My Road to Becoming a Feminist
I hated it all the way
My first memory of Christmas is when, in 1991, my mother gifted me a toy truck at my pre-school's Christmas party. I was three years old, and I hated that truck with all my being.
"I asked for a Barbie!" I screamed, tears streaming from my eyes.
All around me, the other girls at the school party tore through pink wrapping paper to unveil dolls (Barbie being the most popular) and princess attire (dresses, shoes, tiaras). I'd never gotten either of those.
I threw myself belly down on the shiny linoleum floor, pounding my fists to show I meant business. I was hoping to cause my mom maximum embarrassment in front of the other parents, guilting her into giving me what I wanted.
"But this is so cool," my mom said, who was an engineer herself. She took the red and yellow truck and showed it to me from all angles — as if that made any difference to me. "See, it has a crane that moves."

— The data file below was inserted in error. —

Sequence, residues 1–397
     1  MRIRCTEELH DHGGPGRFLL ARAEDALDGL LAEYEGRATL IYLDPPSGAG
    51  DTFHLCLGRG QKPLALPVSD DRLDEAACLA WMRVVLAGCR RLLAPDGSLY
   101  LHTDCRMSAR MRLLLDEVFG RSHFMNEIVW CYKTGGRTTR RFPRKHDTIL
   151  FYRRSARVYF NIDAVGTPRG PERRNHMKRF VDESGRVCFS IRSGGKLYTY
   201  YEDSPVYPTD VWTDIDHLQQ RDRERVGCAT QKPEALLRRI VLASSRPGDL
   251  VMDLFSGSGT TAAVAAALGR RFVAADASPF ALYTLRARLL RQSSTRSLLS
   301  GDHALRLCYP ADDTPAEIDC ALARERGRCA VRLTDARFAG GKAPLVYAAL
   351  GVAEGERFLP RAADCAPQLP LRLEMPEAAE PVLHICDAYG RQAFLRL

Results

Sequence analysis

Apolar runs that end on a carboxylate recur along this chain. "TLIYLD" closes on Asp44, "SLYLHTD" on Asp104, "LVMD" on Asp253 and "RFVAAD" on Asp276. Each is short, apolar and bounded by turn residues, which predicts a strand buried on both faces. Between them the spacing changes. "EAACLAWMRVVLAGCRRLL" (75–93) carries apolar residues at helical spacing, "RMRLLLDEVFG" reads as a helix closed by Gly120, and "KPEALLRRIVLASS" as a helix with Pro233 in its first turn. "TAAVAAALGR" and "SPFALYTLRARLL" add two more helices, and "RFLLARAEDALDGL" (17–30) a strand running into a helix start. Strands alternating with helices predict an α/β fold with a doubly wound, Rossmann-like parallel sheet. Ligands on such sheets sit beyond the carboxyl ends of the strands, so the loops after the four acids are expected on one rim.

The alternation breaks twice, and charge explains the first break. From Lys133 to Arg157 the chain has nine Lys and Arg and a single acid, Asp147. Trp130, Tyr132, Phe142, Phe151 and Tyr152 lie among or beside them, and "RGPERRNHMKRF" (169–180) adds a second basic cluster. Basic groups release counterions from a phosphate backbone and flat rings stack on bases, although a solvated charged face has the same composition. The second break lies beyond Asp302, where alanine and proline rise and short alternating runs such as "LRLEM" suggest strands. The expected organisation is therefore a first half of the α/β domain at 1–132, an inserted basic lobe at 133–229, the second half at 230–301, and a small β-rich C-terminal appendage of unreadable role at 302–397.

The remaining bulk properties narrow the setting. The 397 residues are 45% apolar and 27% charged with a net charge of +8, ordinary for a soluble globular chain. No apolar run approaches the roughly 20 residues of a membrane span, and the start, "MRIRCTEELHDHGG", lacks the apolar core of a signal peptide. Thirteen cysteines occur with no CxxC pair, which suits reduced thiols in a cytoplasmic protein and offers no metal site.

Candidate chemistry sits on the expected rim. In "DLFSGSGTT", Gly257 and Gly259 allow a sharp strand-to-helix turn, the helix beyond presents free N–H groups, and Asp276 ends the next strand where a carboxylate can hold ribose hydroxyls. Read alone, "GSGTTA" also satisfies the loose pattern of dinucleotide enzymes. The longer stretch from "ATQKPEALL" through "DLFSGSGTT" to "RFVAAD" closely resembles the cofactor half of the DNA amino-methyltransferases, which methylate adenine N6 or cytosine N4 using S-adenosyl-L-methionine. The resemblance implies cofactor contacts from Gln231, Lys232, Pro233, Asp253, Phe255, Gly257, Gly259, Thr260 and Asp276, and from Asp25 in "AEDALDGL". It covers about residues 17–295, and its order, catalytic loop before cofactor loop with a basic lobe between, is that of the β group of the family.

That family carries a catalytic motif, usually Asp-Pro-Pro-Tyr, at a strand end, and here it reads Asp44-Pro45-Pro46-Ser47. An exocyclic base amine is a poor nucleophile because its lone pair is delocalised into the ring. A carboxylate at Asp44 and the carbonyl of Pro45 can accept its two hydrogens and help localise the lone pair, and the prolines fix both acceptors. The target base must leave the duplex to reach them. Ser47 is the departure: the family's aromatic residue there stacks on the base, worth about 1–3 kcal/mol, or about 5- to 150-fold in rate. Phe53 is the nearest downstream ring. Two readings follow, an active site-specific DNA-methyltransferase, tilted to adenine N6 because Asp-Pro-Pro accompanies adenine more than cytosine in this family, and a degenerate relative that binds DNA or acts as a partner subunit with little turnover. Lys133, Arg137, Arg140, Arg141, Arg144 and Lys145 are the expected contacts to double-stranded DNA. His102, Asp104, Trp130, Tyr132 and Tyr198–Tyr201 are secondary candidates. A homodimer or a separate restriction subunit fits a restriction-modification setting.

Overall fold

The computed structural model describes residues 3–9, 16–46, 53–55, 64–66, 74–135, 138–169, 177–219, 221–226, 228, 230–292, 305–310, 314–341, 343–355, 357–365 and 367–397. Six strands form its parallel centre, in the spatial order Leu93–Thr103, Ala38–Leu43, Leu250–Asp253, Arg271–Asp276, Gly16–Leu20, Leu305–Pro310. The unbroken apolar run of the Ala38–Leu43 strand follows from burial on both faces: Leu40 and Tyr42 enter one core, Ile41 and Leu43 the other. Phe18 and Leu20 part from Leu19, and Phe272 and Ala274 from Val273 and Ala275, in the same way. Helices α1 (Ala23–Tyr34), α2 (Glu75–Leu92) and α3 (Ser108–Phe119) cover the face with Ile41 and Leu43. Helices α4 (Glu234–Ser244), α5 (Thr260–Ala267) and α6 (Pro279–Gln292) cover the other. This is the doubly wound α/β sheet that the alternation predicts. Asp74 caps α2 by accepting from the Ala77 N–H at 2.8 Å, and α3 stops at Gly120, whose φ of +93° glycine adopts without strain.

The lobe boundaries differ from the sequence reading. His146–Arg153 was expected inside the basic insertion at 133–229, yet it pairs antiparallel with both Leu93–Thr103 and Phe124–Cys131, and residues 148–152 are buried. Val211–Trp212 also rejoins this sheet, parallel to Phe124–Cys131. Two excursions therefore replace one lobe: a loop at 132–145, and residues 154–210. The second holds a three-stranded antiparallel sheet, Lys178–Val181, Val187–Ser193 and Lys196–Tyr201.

"I don't care! I don't like it. It's a boy toy. I want a Barbie."
I can't imagine how hard it must have been for my mom to see her thoughtful gift ripped to shreds by a 3-year-old. Yet, she resisted the easy way out of buying me what I wanted. That damned truck was my only gift that Christmas, so I had to suck it up and play with it.
The following year, my mom finally bought me my first Barbie. As I started unwrapping the gift under the Christmas tree, I spotted the pink box with the Barbie logo, and my heart raced. But then I looked at the doll. It was a black Barbie in a sparkly red business suit. Around the Christmas tree, the entirely white family looked just as baffled as me.
"Mom!" I shouted, incredulous. "I wanted the blonde one with the big princess dress! You know, THE Barbie. Everyone else has blonde Barbies!"
How can my mom be so incompetent at buying me gifts? I thought.